Resting-state connectivity and executive functions after pediatric arterial ischemic stroke.

Kornfeld, Salome; Yuan, Rui; Biswal, Bharat B; Grunt, Sebastian; Kamal, Sandeep; Delgado Rodríguez, Juan Antonio; Regényi, Mária; Wiest, Roland; Weisstanner, Christian; Kiefer, Claus; Steinlin, Maja; Everts, Regula (2018). Resting-state connectivity and executive functions after pediatric arterial ischemic stroke. NeuroImage: Clinical, 17, pp. 359-367. Elsevier 10.1016/j.nicl.2017.10.016

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The aim of this study was to compare the relationship between core executive functions and frontoparietal network connections at rest between children who had suffered an arterial ischemic stroke and typically developing peers.


Children diagnosed with arterial ischemic stroke more than two years previously and typically developing controls were included. Executive function (EF) measures comprised inhibition (Go-NoGo task), fluency (category fluency task), processing speed (processing speed tasks), divided attention, working memory (letter-number sequencing), conceptual reasoning (matrices) and EF in everyday life (questionnaire). High-resolution T1-weighted magnetic resonance (MR) structural images and resting-state functional MR imaging were acquired. Independent component analysis was used to identify the frontoparietal network. Functional connections were obtained through correlation matrices; associations between cognitive measures and functional connections through Pearson's correlations.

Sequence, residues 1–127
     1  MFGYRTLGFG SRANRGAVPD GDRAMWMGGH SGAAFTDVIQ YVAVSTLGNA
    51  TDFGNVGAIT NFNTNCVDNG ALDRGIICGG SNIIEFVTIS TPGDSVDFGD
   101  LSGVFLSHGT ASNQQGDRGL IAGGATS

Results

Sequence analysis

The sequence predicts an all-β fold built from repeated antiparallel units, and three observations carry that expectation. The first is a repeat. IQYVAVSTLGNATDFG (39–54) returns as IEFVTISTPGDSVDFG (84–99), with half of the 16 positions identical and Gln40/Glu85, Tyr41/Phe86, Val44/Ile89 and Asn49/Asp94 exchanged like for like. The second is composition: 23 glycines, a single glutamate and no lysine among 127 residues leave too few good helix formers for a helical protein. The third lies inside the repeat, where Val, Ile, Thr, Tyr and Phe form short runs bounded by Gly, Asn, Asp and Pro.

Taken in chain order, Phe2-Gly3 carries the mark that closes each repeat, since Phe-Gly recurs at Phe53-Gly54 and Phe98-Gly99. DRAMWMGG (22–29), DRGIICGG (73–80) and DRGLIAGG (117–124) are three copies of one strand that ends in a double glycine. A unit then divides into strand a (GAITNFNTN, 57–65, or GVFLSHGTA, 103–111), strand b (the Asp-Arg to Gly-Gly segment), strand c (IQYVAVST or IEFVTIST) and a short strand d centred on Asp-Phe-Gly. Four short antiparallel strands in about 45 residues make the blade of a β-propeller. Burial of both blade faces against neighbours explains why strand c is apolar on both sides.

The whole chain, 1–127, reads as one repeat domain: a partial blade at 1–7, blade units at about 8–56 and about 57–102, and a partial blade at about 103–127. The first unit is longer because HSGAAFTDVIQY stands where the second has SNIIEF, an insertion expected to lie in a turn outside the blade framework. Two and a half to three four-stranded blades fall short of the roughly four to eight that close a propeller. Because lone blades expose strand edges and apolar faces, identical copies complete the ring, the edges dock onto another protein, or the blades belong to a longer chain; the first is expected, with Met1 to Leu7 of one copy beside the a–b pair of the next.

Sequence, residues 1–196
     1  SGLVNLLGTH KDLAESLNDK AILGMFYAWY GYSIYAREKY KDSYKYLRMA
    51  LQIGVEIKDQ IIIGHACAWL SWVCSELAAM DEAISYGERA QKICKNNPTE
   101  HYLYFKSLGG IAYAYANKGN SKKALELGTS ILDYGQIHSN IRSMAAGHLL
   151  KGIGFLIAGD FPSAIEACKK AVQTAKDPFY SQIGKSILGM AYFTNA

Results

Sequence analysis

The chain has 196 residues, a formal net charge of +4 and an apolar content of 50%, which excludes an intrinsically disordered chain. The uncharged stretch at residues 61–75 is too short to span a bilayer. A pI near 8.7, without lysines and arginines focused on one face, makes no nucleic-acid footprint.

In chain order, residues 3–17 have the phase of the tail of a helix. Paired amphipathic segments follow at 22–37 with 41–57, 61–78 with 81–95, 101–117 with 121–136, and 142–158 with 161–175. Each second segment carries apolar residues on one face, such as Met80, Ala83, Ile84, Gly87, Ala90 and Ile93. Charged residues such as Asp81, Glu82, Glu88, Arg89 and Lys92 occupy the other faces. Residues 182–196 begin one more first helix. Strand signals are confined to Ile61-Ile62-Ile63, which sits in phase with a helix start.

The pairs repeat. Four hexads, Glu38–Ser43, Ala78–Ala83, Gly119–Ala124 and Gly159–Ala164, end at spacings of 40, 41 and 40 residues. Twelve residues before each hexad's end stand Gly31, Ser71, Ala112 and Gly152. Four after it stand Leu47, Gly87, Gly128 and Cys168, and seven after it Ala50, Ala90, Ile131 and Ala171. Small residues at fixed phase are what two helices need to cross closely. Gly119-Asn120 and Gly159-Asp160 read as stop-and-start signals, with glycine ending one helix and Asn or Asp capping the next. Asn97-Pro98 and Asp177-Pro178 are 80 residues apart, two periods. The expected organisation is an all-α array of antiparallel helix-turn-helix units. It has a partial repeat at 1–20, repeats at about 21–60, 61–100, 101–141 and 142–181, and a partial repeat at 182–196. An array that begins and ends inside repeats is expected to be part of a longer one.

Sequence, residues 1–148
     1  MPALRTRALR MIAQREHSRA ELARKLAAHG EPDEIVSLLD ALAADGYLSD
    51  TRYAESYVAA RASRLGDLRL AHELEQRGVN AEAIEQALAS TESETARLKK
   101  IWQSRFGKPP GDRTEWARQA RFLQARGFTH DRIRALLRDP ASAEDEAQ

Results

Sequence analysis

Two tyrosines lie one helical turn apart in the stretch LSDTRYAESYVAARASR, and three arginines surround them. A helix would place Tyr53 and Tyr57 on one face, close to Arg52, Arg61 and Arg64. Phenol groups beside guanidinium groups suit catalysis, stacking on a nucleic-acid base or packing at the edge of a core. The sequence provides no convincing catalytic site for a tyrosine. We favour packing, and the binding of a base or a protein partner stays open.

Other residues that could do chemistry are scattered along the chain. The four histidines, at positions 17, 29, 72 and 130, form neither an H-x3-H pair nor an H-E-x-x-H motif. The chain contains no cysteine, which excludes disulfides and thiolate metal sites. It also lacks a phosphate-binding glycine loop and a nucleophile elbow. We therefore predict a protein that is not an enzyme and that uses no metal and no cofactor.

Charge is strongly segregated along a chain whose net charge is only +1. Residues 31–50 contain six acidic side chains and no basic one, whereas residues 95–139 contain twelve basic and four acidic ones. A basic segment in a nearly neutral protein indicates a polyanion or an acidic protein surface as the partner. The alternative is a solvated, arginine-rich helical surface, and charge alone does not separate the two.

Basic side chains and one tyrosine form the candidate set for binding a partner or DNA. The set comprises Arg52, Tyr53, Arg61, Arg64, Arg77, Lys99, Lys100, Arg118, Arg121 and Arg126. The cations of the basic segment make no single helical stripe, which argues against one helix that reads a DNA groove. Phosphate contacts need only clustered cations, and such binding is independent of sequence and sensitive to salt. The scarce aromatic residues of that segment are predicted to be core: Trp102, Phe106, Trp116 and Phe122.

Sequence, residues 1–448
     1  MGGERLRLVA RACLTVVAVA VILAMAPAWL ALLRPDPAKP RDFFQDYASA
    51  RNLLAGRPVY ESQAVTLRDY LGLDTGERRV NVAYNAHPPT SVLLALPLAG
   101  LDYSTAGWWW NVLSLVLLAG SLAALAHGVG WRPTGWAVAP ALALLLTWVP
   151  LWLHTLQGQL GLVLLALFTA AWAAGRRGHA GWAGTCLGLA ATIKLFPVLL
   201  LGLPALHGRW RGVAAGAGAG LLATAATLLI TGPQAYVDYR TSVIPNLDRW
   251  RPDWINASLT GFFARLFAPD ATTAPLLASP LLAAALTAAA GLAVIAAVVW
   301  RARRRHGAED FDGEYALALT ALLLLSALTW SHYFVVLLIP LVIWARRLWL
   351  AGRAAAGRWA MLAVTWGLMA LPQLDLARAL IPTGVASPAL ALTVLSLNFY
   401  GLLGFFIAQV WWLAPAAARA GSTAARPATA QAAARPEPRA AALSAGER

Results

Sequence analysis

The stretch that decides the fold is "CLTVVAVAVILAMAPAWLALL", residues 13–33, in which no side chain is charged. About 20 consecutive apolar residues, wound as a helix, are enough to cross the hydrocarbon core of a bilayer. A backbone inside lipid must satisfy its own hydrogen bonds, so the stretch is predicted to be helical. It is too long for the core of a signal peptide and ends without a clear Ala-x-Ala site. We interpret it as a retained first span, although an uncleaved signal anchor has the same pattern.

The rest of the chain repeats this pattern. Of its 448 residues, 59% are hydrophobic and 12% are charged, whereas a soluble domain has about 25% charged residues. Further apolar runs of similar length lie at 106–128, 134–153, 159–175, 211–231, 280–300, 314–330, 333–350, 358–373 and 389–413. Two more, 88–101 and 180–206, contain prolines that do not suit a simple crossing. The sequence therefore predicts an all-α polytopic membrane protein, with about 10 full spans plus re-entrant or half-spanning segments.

Twenty participants after stroke (7 females; mean age 16.0 years) and 22 controls (13 females; mean age 14.8 years) were examined. Patients and controls performed within the normal range in all executive tasks. Patients who had had a stroke performed significantly less well in tests of fluency, processing speed and conceptual reasoning than controls. Resting-state functional connectivity between the left and right inferior parietal lobe was significantly reduced in patients after pediatric stroke. Fluency, processing speed and perceptual reasoning correlated positively with the interhemispheric inferior parietal lobe connection in patients and controls.


Decreased interhemispheric connections after stroke in childhood may indicate a disruption of typical interhemispheric interactions relating to executive functions. The present results emphasize the relationship between functional organization of the brain at rest and cognitive processes.

Item Type:

Journal Article (Original Article)


04 Faculty of Medicine > Department of Gynaecology, Paediatrics and Endocrinology (DFKE) > Clinic of Paediatric Medicine
04 Faculty of Medicine > Department of Radiology, Neuroradiology and Nuclear Medicine (DRNN) > Institute of Diagnostic and Interventional Neuroradiology

UniBE Contributor:

Kornfeld, Salome, Grunt, Sebastian, Kamal, Sandeep, Delgado Rodríguez, Juan Antonio, Regényi, Mária, Wiest, Roland Gerhard Rudi, Weisstanner, Christian, Kiefer, Claus, Steinlin, Maja, Everts, Regula


600 Technology > 610 Medicine & health








Anette van Dorland

Date Deposited:

19 Dec 2017 09:03

Last Modified:

02 Mar 2023 23:29

Publisher DOI:


PubMed ID:


Uncontrolled Keywords:

Executive functions Frontoparietal network Pediatric arterial ischemic stroke Resting-state fMRI




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